Helmut Marko has joked that nobody was “interested in that” after Mercedes’ new floor was revealed to the world in Monaco, the same day Red Bull’s was also on display.
Lewis Hamilton and Sergio Perez gave the world a perfect view of their cars’ floors when they crashed during Saturday’s running for the Monaco Grand Prix weekend, which led to the cars being lifted into the air on cranes.
Rival teams were quick to get their cameras out, although most of the attention was on the RB19’s design – a “thing of wonder and beauty” compared to Mercedes’ “prehistoric” as Sky Sports pitlane reporter Ted Kravitz put it.
He added: “I tell you when you look at these pictures and compare them to the Mercedes and Ferrari you think ‘okay, no wonder this Red Bull RB19 is so good’.”
Rather than be annoyed that everyone was having a good look at Red Bull’s race-winning RB19’s finer details, Marko saw the funny side in that being compared to the Mercedes’ floor.
“The Mercedes car was in the air for much longer than ours,” he told Motorsport.com. “Only nobody was as interested in that as they were in our car.”
Asked if he also wasn’t interested in the W14’s new floor, Marko laughed: “No!”
Jokes aside, though, it wasn’t ideal for Red Bull as the new generation of ground effect aerodynamic cars sees the floors and their vortexes create the car’s downforce.
It is, many would say, the main secret to Red Bull’s rampant success with the team having won 23 of the 28 races in the new era.
But while Marko would rather his rivals didn’t have photographs of the floor, he accepts that’s just part of the RB19’s success story.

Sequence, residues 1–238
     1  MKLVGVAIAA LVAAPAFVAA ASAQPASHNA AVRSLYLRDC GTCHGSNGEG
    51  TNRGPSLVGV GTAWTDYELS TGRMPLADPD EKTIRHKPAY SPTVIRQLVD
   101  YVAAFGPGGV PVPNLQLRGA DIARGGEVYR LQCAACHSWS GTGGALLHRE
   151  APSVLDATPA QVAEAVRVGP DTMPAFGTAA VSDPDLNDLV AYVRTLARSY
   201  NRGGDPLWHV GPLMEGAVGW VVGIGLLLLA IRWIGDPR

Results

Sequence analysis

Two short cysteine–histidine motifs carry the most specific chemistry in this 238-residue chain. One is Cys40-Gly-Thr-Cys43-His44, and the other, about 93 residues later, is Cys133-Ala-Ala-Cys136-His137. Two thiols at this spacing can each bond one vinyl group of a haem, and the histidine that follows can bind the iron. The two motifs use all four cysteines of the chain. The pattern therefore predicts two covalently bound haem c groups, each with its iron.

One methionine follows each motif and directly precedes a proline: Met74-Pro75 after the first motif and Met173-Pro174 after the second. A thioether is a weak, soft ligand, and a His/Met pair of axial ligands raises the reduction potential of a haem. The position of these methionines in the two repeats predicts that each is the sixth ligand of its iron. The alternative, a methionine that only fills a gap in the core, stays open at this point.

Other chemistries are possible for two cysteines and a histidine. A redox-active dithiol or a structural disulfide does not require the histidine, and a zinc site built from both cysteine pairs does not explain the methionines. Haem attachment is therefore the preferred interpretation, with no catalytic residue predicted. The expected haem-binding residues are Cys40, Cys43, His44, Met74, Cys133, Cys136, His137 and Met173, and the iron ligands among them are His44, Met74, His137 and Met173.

“Of course we don’t like that our floor was on display,” said 80-year-old.
“Okay, the floor is very important, but if you don’t have all the other parts of the car and the concepts behind it, it’s not that easy to copy things.”
“It’s not just the floor,” he explained. “That floor has to work well with the front wing and the rear of the car, for example. It’s about all those things together and that makes it much more complex than just the floor.”
Williams’ head of vehicle performance Dave Robson agrees with Marko that while the photographs are great, copying the design with all its intricacies won’t be easy.
“It’s so complex that on a 2D photo, because of the way the light is, it’s so curved, you can’t figure any of it out,” he said.
“I guess it’s just coincidental they do it all like that because that’s how they get the downforce. But it doesn’t half make it difficult to copy!”
As for Red Bull team boss Christian Horner, he brushed it aside saying he “wouldn’t have thought it was the first time a picture of the floor has been taken.
“It was probably the first time it has been suspended from a crane, but all teams are always striving for that intelligence.”
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